The Reserve Bank of India was seen intervening to stem a sharp fall in the rupee, two dealers said.
“The RBI was there to curtail the volatility in early trade, but not in a big way,” said a senior dealer at a foreign bank.
The rupee reversed marginally from its record lows to trade at 69.53 to the dollar. It had ended at 68.84 to the dollar on Friday. The 10-year benchmark bond yield rose to 7.80 per cent from its previous close of 7.75 per cent, tracking the weakness in rupee.
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Investors preferred safe-havens such as the U.S. dollar and the yen after a plunge in the Turkish Lira sent all emerging market currencies sharply lower.
The lira has fallen about 45 per cent against the greenback this year on worries over Turkish President Tayyip Erdogan’s increasing control of the economy and a deepening diplomatic rift with the United States.
“There is no point spending a lot of dollars in defending a rupee when the force of the fall is so strong across emerging markets,” said a senior forex dealer at an Indian state-run bank.
The next crucial level for the rupee is 69.80 to the dollar, he added.
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Traders will also watch out for India consumer inflation data for July due after market hours for further direction. A Reuters poll estimates July inflation of 4.51 per cent compared with a five-month high of 5.0 per cent hit in the previous month.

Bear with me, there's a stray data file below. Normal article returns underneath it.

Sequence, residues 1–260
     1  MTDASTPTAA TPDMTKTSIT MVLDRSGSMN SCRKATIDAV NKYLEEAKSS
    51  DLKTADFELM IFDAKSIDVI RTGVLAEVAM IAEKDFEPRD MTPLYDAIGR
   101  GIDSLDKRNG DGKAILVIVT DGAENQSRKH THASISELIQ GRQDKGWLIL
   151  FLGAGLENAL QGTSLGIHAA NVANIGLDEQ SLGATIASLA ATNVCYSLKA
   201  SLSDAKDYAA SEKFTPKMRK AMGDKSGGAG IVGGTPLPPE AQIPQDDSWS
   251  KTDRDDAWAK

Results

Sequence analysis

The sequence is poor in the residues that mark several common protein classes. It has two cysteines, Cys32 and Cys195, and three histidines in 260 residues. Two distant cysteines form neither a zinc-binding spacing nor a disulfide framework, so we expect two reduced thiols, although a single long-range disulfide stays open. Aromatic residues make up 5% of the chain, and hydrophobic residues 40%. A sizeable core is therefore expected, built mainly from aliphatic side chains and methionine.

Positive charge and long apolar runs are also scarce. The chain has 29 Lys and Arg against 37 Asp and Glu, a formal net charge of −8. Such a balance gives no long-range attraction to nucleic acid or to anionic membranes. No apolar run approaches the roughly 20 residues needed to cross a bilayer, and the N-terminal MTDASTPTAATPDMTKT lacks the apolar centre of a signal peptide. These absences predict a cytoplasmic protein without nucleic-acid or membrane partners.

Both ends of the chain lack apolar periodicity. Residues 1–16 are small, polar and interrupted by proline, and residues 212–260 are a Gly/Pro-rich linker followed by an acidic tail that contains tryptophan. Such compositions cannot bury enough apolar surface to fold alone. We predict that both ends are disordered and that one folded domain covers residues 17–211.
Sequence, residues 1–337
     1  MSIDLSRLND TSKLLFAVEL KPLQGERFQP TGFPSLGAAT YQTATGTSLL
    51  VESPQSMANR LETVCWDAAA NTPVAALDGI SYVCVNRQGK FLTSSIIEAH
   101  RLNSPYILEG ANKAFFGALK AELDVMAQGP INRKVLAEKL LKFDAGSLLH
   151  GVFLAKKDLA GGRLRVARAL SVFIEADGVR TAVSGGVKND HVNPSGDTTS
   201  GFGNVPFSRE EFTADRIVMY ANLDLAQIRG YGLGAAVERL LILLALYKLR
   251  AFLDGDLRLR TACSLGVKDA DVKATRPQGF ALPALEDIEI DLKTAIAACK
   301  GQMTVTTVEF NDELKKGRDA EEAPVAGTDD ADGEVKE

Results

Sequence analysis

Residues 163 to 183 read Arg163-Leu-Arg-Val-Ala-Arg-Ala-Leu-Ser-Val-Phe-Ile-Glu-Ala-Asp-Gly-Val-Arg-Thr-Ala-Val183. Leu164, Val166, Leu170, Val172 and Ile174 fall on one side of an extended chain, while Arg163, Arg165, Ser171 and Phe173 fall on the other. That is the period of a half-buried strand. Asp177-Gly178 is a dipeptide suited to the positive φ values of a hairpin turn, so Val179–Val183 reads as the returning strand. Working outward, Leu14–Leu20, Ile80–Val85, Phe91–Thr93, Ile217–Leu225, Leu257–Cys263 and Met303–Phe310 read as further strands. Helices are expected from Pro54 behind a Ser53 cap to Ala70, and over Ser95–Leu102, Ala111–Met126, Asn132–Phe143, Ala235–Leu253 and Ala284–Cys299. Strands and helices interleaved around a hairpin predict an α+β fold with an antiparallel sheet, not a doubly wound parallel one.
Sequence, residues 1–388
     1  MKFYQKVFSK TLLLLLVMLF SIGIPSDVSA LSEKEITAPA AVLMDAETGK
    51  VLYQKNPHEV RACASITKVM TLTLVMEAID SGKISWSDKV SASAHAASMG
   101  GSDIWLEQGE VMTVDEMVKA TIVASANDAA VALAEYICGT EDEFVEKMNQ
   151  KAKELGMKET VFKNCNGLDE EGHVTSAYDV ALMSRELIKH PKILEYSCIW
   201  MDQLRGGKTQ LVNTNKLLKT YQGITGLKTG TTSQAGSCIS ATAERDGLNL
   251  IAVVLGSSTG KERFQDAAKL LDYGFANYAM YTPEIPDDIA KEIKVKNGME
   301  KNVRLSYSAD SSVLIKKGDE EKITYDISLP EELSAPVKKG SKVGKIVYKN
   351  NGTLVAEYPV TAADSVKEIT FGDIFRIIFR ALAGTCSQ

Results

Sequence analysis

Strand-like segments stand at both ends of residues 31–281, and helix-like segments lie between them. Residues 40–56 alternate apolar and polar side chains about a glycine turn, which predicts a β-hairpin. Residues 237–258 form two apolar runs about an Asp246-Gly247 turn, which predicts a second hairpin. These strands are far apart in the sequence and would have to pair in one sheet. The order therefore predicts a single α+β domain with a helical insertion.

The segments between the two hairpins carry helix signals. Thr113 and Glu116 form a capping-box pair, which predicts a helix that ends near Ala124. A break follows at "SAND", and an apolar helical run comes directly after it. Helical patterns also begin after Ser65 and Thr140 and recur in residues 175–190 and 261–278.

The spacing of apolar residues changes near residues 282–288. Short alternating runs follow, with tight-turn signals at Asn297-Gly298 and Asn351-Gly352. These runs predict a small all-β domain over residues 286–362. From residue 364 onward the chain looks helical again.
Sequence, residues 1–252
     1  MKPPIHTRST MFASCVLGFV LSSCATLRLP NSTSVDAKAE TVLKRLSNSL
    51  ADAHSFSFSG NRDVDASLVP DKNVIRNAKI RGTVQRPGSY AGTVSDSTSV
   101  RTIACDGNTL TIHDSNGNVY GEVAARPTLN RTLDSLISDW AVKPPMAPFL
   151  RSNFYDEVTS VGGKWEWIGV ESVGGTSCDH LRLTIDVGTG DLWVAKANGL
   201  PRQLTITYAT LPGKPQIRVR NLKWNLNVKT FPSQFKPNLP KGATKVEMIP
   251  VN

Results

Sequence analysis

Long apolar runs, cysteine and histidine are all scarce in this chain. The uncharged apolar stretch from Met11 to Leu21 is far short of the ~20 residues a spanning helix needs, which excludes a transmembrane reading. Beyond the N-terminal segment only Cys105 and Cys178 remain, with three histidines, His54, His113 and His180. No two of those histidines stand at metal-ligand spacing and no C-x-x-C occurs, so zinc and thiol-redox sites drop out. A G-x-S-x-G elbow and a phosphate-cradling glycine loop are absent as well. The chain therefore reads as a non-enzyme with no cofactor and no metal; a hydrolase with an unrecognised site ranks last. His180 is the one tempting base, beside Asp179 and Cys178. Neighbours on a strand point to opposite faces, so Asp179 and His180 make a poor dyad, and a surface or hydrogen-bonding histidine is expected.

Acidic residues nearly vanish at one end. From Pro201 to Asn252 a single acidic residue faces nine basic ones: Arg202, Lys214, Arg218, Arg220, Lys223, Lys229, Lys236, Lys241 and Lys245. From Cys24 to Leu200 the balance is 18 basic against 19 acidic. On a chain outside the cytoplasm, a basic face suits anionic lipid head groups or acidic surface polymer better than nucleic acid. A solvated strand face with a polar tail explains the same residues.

Subhash Chandra Garg, secretary at the department of economic affairs, said the rupee was still performing better than some other currencies, and that the country had sufficient foreign exchange reserves.
“As currencies of other economies are also depreciating, intervention by the Reserve Bank of India, by selling dollars in the country, will not help much at this stage for stabilising the rupee,” Garg told reporters.
“Even if the rupee falls to 80, it will not be a concern provided all other currencies depreciate.”
He said the RBI has spent about $23 billion so far to intervene in the market.